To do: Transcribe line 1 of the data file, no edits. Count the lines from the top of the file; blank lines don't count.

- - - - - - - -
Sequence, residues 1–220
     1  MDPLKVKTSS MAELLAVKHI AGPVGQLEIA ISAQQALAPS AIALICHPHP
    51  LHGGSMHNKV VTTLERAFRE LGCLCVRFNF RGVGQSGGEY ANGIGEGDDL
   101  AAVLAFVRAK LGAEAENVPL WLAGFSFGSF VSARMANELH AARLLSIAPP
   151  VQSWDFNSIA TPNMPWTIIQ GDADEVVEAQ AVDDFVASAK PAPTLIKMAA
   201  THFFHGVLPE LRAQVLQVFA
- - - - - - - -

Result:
Sequence, residues 1–220